• Create a budget. Giving every dollar a destination makes it easier to spend mindfully and cut down on extraneous expenses. 
  • Start saving. There’s no such thing as a sum of money that’s too small to put into savings. Every dollar counts, and once you get the ball rolling, you’ll be motivated to pack on the savings until they really grow. 

You give your abs a great workout each day now it’s time to get those money muscles into shape! Follow the tips outlined above to stay financially fit at all times

Your Turn: What are your best tips for maintaining financial wellness? Tell us about it in the comments. 

7 Tips for a Budget-Friendly Road Trip

With many indoor attractions still closed or operating only at a limited capacity, there’s never been a better time to pack up the car, RV or camper van and set out on the road trip of a lifetime. However, without careful planning, a road trip can get pricey, especially with soaring gas prices and the rising costs of food. For this reason, we’ve put together seven solid tips for a budget-friendly road trip. This should help you hit the road in style without breaking your budget.

1. Save on food costs 

Food can quickly turn into the biggest expense of your trip unless you plan ahead. And no, this doesn’t mean dining only on canned baked beans or instant soups for the duration of your trip. Here’s how to save on food costs during your road trip: 

  • Stock up on staples while at home. Shop your local stores for basics before setting out. Once you’re on the road, you won’t have as many choices for food shopping, which may stimulate overspending. 
  • Get your “kitchen” into gear. Unless you’re road-tripping in an RV or camper van that comes with a fully equipped kitchen, you’ll need to gear up for basic food prep on your trip. A good knife, cutting board and small cooking appliances, like a portable grill, panini maker and plug-in burner, can be great starting points.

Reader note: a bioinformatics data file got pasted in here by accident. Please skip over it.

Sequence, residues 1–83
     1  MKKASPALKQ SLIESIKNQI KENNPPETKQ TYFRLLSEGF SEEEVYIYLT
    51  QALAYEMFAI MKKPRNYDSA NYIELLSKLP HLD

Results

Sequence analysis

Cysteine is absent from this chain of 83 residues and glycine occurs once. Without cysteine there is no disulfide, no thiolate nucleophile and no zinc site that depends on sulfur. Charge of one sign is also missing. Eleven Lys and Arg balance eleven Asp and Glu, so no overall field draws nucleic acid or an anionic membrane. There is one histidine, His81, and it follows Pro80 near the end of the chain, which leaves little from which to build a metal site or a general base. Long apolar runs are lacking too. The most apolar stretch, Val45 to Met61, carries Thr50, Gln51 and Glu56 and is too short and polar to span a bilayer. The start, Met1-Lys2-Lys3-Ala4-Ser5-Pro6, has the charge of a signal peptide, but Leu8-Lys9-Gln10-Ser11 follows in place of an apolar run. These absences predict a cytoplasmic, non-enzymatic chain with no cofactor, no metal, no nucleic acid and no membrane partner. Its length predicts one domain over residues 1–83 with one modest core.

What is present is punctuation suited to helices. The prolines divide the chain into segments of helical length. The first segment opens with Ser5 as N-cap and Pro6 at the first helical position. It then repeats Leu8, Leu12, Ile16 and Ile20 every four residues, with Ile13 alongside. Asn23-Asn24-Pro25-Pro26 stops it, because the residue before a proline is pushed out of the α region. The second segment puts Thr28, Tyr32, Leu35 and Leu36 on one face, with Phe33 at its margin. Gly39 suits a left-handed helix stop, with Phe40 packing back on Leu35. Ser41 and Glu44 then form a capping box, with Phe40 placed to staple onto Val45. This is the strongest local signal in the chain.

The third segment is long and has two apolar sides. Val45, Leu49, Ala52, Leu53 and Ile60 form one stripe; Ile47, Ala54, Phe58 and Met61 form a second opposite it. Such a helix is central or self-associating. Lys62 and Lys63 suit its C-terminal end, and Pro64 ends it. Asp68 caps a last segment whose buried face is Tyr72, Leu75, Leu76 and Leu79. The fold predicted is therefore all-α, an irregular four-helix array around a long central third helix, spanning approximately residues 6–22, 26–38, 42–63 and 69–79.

• Plan a mix of meal types. You likely want to eat some meals out during your trip, but overdoing the dining out will quickly kill your budget. Instead, mix it up, alternating between home-cooked meals, dining out on fine cuisine and tasting local street foods. 
  • Only eat out at places you don’t have at home. For further savings, save the dining out for delicacies that are unique to your current location. Think fresh seafood on the Oregon coast, authentic Korean food in K-Town of Los Angeles or Cajun food in New Orleans.

2. Camp out instead of sleeping in hotels

Sleeping under the stars whenever possible will add another layer of awesome to your trip. Check out recreation.gov, where you can book accomodations at 3,600 facilities and 103,000 individual sites across the country. Lots of camping spots will run just $20 a night.

3. Find free attractions

Who says you need to pay for your fun or it doesn’t count? Most tourist hotspots will have a wide selection of free activities and sights to see at no cost, like the Smithsonian in Washington, D.C. and city street art in Pittsburgh, PA. Check out local websites or ask around on the street to find the best-kept secrets at each location. 

4. Map out your route for greater savings